1 p.m.
    All undergraduate communication disorders, computer science, creative writing, economics and English degree candidates

    4 p.m.
    All undergraduate physics, political science and international relations, psychology, Russian, sociology/anthropology, Spanish, statistics and theatre degree candidates, as well as commissioned officers

    7:30 p.m.
    All master’s degree candidates
  • Master of Athletic Training Applications Due April 1


    The Truman Master of Athletic Training program is currently accepting applications for the 2021 cohort that begins July 1.

    Students interested in health care can consider a career in athletic training, which encompasses injury evaluation, rehabilitation and treatment, as well as program administration. Athletic training works closely with medical professionals to provide overall care and treatment to a variety of physically active individuals.

    For more information contact Brandy Schneider or visit truman.edu/mat. Application deadline is April 1.
  • Sigma Delta Pi Cultural Presentations


    7 p.m.
    April 1
    Zoom Meeting ID: 849 8965 8796
    Zoom Meeting Password: Cultural

    Tapas de Espana
    7 p.m.
    April 20
    Zoom Meeting ID: 210 630 1220
    Zoom Meeting Password: 0ZQVcm
  • Student Capstone Project Organizes Know-Your-Health Fair


    As a student capstone project, a Know-Your-Health Fair will take place at 7 p.m. April 5 in Violette Hall 1000. This is an opportunity for people to learn more about risks of addiction, anxiety, depression, eating disorders and insomnia. They have invited experts to give 10-minute presentations on which factors in a person’s life can put them at risk for those five health conditions.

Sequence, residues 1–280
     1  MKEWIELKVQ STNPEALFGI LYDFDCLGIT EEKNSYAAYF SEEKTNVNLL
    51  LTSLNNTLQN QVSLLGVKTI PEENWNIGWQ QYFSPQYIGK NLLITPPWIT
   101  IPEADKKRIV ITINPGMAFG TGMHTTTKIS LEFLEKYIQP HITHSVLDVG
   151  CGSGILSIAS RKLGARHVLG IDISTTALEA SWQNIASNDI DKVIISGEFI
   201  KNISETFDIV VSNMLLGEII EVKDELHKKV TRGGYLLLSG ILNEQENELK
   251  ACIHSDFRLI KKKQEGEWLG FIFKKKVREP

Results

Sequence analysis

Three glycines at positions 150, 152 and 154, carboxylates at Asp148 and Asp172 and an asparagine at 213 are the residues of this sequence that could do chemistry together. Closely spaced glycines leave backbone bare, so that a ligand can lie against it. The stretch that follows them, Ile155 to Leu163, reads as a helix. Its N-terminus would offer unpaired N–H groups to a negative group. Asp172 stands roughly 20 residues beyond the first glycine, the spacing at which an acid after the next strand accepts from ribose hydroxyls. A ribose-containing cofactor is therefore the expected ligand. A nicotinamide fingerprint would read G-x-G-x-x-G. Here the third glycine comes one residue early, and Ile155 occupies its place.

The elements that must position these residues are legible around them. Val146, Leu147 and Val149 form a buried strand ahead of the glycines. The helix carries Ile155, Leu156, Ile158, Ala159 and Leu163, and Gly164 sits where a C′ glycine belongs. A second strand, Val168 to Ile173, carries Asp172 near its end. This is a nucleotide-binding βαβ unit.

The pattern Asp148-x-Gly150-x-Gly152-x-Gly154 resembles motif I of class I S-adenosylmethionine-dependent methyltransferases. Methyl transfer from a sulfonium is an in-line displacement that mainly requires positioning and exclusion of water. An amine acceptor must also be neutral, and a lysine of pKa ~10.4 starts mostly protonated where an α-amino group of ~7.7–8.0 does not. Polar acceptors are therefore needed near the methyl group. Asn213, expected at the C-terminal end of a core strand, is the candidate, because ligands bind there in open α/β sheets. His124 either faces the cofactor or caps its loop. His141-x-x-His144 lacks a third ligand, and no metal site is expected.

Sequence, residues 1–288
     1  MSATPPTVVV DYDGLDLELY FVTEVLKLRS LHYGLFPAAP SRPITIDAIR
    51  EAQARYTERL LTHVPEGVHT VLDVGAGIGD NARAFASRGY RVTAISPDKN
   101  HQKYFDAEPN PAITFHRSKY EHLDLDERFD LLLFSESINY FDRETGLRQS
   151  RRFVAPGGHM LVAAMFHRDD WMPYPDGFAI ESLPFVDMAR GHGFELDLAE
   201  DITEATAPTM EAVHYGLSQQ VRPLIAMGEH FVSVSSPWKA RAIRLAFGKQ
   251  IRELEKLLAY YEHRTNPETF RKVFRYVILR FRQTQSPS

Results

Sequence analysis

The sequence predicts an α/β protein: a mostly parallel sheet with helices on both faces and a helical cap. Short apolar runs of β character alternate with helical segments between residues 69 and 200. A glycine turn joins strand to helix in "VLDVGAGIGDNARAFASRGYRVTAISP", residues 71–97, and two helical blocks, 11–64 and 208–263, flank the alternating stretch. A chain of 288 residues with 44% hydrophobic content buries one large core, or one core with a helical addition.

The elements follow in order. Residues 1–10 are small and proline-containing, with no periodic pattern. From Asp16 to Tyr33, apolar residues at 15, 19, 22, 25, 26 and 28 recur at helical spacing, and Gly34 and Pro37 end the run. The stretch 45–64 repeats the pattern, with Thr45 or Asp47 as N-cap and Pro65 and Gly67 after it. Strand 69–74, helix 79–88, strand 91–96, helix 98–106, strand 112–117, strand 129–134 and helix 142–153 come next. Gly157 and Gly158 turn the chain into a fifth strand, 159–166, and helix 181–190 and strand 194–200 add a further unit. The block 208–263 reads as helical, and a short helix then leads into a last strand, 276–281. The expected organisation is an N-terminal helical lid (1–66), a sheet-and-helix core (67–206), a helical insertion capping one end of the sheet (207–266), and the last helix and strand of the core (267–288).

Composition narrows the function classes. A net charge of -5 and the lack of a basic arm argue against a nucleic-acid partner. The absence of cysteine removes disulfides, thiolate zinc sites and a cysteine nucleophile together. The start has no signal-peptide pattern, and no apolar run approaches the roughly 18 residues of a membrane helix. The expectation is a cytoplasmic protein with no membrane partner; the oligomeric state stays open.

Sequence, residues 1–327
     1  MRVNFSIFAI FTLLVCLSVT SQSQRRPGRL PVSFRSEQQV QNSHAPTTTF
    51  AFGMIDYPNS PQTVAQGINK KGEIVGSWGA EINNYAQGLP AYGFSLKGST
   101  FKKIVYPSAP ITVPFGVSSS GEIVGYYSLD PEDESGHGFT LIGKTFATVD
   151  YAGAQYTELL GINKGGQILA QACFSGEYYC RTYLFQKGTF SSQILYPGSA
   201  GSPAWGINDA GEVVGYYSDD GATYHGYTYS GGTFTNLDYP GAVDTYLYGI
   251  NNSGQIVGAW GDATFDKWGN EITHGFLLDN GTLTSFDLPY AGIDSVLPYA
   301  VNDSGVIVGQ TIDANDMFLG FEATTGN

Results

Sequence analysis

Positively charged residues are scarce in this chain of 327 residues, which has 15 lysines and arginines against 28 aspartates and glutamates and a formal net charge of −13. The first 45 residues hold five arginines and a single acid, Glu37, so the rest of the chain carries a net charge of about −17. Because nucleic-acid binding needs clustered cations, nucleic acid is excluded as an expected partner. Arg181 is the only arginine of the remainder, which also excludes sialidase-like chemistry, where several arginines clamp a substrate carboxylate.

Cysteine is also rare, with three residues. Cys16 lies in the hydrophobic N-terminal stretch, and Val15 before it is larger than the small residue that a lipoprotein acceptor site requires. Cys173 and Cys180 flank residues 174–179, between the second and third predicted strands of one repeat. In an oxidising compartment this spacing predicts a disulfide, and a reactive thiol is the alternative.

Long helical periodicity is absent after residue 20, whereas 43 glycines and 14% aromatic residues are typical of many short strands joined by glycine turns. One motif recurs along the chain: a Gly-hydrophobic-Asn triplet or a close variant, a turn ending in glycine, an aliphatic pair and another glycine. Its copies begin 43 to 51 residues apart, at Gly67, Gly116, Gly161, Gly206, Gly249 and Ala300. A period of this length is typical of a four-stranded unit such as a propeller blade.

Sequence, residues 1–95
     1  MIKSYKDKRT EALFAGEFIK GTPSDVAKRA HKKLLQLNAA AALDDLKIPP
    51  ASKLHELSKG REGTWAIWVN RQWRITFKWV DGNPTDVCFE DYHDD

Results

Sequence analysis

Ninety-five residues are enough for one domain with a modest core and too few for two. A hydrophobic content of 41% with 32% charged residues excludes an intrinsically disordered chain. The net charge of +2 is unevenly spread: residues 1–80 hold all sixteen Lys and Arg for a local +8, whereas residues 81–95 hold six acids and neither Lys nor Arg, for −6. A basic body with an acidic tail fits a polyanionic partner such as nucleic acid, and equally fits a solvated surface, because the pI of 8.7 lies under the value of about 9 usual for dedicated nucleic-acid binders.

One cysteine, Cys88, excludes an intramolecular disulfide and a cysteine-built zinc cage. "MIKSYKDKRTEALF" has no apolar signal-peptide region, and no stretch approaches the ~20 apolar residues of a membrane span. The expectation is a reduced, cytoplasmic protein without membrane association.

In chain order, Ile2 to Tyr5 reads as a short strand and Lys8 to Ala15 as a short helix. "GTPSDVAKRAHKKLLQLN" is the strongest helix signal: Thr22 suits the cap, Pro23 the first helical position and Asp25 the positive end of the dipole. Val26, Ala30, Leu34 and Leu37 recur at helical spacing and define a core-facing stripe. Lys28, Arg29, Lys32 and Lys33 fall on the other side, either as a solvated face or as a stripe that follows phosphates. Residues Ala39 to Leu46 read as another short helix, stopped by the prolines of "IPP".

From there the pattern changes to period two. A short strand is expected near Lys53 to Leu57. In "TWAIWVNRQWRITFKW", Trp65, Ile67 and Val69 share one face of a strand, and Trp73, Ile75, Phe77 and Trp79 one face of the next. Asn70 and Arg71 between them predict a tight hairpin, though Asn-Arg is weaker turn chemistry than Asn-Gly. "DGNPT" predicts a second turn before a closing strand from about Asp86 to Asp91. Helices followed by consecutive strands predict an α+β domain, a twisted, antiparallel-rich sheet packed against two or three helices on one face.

Everyone attending must pick three of the five presentations. At the end of each presentation, there will be a quick questionnaire that can help approximate the risk for that specific condition. Snacks will be provided and COVID-19 precautions will be in place. There will be a raffle to enter at the beginning of the fair for a chance to win a prize. For more information visit @knowyourhealthtruman on Instagram.
  • Grants Support Research and Conference Attendance


    The Office of Student Research is accepting applications for Grants-in-Aid of Scholarship and Research (GIASR) as well as Conference Travel Scholarships.

    Conference Travel Scholarships are for students presenting the results of their research or creative scholarship at a conference between July and December 2021. Students applying must have completed or currently be involved in a faculty mentored research experience and plan on presenting at the conference. Due to COVID-19, the Conference Travel Scholarship will only cover student registration to attend a virtual conference.

    GIASR applications are for research and creative scholarship conducted during the summer. Grant applications may request up to $750 and can cover student stipends, supplies and travel to conduct research.